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India, China discuss joint projects in Afghanistan

July 04, 2010 20:01 IST

India and China on Sunday discussed the possibility of working in collaborative projects in third countries, including joint initiatives in Afghanistan to tap large mineral resources, as part of efforts to broad base their relationship.

National Security Adviser (NSA) Shiv Shankar Menon, who arrived in Beijing on a four-day visit as Prime Minister Manmohan Singh's special envoy began his high-level engagements by holding talks with Chinese Foreign Minister Yang Jiechi today.

After one-and-half-hour talks at the Foreign Ministry, Yang accompanied by Menon told the Indian media that "talks went off very very well... we have a tour of the whole horizon" of issues".

A significant part of the discussions between Menon and Yang reportedly centred on economic issues and the booming trade between the two countries that is expected to touch a new of high of $60 billion this year.

Apparently issues relating to Pakistan and the visit of Pakistan President Asif Ali Zardari to China beginning from July 6 reportedly to firm up cooperation to build two nuclear power plants figured in the talks.

"We also went to specifics about certain aspects of our relationship," Yang said without directly referring to Pakistan and India's concerns to the two nuclear reactors.

These issues were expected to figure in Menon's scheduled talks with Chinese Premier Wen Jiabao and State Councillor Dai Bingguo tomorrow.

India has expressed reservations over China's proposed nuclear deal with Pakistan under which it will provide two nuclear reactors to Pakistan.

"We talked a lot about high level exchanges and visits and (steps) to further boost trade volume to create even better conditions for mutual investment, cooperation and even talked about the possibility of cooperation on certain subjects in other countries and let us have three or four party collaborative projects in the economic field as well," he said.

Yang's reference to projects in third country was interesting as the two sides apparently discussed collaborative projects including in Afghanistan where they want to tap trillions of dollars worth mineral resources jointly with other countries.

Recent reports said huge deposits of iron, copper, cobalt, gold and critical industrial metals like lithium were large enough to transform Afghanistan into one of the most important mining centres in the world.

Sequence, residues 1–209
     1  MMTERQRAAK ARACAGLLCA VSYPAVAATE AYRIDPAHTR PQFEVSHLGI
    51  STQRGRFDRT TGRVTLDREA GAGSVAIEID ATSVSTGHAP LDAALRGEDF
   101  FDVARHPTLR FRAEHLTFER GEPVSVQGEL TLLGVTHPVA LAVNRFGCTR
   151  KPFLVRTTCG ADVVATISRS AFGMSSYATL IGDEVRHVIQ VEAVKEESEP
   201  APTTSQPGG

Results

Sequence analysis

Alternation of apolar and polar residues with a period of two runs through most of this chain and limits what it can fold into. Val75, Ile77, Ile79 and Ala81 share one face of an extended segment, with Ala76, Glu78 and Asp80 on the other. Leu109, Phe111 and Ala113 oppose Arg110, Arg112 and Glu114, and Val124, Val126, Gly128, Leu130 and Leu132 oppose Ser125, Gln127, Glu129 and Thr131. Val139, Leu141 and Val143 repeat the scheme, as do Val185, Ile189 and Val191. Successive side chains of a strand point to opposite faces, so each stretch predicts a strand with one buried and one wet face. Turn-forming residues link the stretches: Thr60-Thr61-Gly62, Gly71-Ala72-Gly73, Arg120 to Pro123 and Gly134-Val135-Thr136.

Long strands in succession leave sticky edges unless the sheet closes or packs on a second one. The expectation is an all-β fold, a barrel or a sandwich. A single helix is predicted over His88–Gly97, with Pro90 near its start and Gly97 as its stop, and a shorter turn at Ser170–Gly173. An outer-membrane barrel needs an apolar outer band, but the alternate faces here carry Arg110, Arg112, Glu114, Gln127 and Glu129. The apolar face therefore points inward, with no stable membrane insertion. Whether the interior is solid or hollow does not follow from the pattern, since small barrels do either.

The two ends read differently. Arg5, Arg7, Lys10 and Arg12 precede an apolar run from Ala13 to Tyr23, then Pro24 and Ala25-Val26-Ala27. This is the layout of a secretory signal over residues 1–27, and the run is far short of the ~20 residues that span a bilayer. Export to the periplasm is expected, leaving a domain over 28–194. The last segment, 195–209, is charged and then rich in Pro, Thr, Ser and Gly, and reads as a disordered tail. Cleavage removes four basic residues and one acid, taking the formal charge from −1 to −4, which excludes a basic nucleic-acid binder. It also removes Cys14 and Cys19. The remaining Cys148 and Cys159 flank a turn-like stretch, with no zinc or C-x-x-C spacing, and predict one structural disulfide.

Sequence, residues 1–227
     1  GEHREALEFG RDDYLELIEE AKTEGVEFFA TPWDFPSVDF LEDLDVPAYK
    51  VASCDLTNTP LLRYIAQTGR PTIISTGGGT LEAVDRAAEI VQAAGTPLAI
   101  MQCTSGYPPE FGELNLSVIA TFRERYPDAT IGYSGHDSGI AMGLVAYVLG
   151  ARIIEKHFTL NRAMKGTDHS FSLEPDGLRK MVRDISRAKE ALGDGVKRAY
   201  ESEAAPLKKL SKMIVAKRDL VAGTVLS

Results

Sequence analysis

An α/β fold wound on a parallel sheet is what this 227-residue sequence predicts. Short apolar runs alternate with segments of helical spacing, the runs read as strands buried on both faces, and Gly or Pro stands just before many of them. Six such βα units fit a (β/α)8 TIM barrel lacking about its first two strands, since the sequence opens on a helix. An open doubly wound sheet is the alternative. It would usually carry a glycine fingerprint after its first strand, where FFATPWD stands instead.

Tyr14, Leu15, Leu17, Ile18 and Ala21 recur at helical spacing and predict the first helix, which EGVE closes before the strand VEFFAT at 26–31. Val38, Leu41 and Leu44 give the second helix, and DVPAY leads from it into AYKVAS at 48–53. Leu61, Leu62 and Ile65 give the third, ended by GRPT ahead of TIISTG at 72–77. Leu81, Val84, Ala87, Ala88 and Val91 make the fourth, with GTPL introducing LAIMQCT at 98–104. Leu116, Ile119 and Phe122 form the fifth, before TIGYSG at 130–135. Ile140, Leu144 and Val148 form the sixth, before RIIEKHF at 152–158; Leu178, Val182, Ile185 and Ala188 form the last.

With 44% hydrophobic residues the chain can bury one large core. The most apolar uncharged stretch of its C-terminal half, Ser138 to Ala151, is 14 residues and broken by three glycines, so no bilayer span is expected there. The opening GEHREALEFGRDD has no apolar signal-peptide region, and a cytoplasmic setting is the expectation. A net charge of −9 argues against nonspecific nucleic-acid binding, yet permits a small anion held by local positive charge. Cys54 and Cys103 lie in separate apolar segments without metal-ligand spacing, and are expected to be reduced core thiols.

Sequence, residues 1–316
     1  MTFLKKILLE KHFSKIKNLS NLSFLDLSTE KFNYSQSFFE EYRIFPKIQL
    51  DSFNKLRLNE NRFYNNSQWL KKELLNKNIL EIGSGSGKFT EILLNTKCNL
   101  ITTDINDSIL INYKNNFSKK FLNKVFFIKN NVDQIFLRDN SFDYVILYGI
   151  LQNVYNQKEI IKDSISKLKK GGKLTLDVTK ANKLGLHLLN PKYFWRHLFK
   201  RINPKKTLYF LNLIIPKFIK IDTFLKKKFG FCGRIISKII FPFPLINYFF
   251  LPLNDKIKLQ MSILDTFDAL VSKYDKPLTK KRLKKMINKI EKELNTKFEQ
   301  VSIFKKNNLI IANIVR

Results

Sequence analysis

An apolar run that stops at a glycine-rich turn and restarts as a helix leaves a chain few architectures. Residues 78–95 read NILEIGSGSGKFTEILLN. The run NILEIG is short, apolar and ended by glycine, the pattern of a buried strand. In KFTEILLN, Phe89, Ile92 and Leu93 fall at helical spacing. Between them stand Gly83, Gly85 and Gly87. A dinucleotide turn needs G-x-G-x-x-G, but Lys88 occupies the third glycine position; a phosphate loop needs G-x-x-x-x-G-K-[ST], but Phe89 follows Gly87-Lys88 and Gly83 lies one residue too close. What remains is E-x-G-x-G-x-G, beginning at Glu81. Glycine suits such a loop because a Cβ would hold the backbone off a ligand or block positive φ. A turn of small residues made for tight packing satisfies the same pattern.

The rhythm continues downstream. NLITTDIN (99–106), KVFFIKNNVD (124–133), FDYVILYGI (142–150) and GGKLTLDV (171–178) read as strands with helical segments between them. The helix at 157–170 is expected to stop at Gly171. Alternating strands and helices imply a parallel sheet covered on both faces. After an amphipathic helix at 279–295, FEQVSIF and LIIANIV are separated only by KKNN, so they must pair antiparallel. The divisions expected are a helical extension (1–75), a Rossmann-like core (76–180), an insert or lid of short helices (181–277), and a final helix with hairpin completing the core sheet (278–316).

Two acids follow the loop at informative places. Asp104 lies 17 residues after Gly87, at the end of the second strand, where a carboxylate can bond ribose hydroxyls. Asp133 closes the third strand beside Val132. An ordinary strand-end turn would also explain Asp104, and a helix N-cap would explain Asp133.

India, China, United States and a vast number of European countries which are present in Afghanistan could work out a joint initiative to tap the resources which could change the face of poverty-stricken Afghanistan reeling under a Taliban insurgency.
The two sides also discussed having preparatory meetings before top international conferences like the just-concluded G-20 summit to work out common positions on vital issues.

Over all Yang in his brief talk with the media painted a positive picture of ties between the two countries.

"What is more important is that over all tone of our relationship is very positive. There is lot in common between us. I believe that His Excellency Menon's visit will really pave the ground to a large extent for further our strategic partnership," he said.

"So I am very pleased with this visit. We pay a great deal of attention to his visit. Menon will meet with Prime Minister and State Councillor tomorrow. We attach a great deal of importance to this relationship. We have really enhanced our mutually political trust, look at G-20, climate change, BRIC. You can see we actually work closely together to push forward for common cause that is to serve the interest respective peoples, developing world and mankind," he said.

Yang also said China wants more student-related and cultural exchanges between the two neighbours.

"I mentioned given the size of respective populations, students and cultural exchange between the two countries so far have not really added too much. There is a lot we can do. Good beginning has been made. But we really have to pitch in and do lot more together to further consolidate the social basis to further our relationship," he said.

Yang also paid personal complements to Menon saying: "Menon and I are close and old friends".

Earlier in his opening remarks at the talks, Yang said in recent years the China-India relationship has maintained a sound momentum of development, delivering real advantages to both nations.

"As major developing countries they contributed to peace, stability and development of the region and the world at large," he said.

Menon, also a former ambassador to China, was assisted at the talks by the current Indian Ambassador S Jaishankar.

Menon said India was ready to work with China to intensify coordination on international and regional issues, so as to advance the India-China strategic partnership of cooperation, official Xinhua news agency said.

He also spoke highly of the achievements made in bilateral ties, noting the Indian government attached great importance to developing relations with China.

Yang in his meeting with Menon, according to Xinhua, pledged to give impetus to the development of bilateral ties.

As this year marked the 60th anniversary of Sino-India diplomatic ties, China was ready to take the opportunity to work with India to deepen mutual political trust, promote exchanges and cooperation, and enhance communication on major regional and international issues, Yang said.

Yang said China was willing to make concerted efforts with India to inject vitality and impetus to the development of ties.
 

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